The release of insulin (μU/islet per 90min) by islets prepared from STZ rats averaged, at 2.8, 8.3, and 16.7mM D-glucose, respectively, 2.08 ± 0.91 (n = 28), 4.01 ± 1.01 (n = 36), and 7.18 ± 1.70 (n = 36). It was thus significantly higher (P < 0.02) at 16.7mM D-glucose than at 2.8mM D-glucose. As judged from the mean values for insulin output and content measured in each experiment, the release of insulin represented 32.7 ± 11.7% (n = 4), 43.0 ± 19.4% (n = 5), and 62.6 ± 32.1% (n = 5) of the final insulin content of the islets after incubation at 2.8, 8.3, and 16.7mM D-glucose, respectively. The insulin content of the islets prepared from STZ rats, expressed relative to the mean value found in each experiment in islets first incubated at 8.3 and 16.7mM D-glucose (9.7 ± 1.6μU/islet; n = 70), averaged 165.5 ± 27.8% (n = 28) after exposure to 2.8mM D-glucose, 105.1 ± 20.1% (n = 35) after exposure to 8.3mM D-glucose, and 94.8 ± 17.4% (n = 35) after exposure to 16.7mM D-glucose. Such a progressive decrease in insulin content as a function of the concentration of the hexose during incubation was validated by the significant difference (P < 0.03) found between the highest and lowest of these three percentages. In these respects, no significant difference was observed between NF, IF and CR diabetic animals.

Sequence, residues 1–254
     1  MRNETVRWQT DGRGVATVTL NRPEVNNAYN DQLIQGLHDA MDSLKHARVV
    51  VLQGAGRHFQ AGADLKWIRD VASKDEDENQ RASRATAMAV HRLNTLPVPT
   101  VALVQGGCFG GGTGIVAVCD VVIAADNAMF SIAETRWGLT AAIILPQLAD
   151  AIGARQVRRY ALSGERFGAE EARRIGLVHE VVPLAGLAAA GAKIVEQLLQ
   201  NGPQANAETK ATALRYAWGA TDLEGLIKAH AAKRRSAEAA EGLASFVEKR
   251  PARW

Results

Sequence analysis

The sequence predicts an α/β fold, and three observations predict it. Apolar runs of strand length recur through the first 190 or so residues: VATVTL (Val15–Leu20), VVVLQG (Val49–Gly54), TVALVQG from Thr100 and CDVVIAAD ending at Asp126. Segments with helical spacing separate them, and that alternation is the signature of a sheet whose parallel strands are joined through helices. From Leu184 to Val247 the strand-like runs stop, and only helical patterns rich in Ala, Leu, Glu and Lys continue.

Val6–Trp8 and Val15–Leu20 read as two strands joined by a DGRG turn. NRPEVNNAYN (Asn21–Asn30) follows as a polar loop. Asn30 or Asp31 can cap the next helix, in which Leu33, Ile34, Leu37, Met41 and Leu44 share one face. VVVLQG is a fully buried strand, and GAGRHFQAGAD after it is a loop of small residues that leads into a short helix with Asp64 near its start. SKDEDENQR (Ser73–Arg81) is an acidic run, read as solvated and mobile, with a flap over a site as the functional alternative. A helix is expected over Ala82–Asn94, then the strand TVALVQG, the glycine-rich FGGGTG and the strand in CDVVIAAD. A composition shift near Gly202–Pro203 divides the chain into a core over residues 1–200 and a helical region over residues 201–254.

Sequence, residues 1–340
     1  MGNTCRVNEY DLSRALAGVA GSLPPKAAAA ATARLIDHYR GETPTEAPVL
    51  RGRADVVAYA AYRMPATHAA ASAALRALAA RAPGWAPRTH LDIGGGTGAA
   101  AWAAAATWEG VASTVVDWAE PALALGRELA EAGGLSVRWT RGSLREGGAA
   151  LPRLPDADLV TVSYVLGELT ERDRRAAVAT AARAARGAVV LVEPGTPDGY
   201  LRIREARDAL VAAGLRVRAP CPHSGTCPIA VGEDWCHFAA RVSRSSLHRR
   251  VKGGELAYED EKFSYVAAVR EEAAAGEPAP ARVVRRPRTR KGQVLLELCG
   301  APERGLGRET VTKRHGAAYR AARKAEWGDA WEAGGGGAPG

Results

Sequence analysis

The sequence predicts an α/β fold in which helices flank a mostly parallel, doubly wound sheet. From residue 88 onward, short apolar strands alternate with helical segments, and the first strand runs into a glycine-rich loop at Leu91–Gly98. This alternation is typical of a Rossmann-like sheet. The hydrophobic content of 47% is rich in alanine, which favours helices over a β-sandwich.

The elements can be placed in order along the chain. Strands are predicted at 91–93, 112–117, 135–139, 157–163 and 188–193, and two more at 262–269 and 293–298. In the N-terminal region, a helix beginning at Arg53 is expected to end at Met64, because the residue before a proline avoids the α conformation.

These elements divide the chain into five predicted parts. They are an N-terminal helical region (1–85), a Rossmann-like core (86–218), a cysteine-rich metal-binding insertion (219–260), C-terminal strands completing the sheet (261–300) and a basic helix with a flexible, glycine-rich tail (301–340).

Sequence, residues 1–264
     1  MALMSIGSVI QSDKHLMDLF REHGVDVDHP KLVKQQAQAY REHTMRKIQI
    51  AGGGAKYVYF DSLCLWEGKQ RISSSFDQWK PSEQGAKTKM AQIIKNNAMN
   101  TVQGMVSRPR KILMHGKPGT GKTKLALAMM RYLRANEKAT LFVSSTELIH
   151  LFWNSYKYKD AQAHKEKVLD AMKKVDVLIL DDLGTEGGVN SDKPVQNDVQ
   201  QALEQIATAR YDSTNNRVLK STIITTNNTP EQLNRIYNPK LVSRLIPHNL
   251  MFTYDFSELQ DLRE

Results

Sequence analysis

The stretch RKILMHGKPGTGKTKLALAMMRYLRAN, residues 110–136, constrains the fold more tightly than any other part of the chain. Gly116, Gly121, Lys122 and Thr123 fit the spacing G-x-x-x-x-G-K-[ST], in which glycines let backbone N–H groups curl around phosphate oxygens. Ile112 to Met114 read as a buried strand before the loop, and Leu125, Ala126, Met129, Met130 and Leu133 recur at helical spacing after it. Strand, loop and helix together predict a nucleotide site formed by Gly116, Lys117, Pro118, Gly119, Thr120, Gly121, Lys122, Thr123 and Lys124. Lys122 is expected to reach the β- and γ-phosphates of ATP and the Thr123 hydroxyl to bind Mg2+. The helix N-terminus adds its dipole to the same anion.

Both the insulin output and islet insulin content were dramatically lower in STZ rats than in control animals. For instance, over 90min incubation at 8.3mM D-glucose, the mean insulin output by islets from STZ rats did not exceed 4.01 ± 1.01μU/islet (n = 36), as distinct from a mean value of 87.3 ± 12.7μU/islet (n = 40) in control animals. Likewise, after 90min incubation at 2.8mM D-glucose, the insulin content of the islets did not exceed 5.9 ± 1.3μU/islet (n = 28) in STZ rats, as distinct (P < 0.001) from 331.5 ± 20.8μU/islet (n = 29) in control animals.
The detection of insulin-producing cells by the ABC-DAB technique yielded comparable images in NF, IF and CR control rats (Figures 6(a), 6(b), and 6(c)). In the STZ rats, however, the same technique revealed a severe decrease in insulin staining, such a decrease being apparently most pronounced in the NF animals (Figures 6(d), 6(e), and 6(f)). The immunodetection of glucagon-producing cells, by a comparable ABC-DAB technique is illustrated in Figure 7. In the NF, IF, and CR control rats, the glucagon-producing cells were typically located at the periphery of the islets. In the STZ rats, however, an apparently increased number of glucagon-producing cells seemed to invade the center of the islets.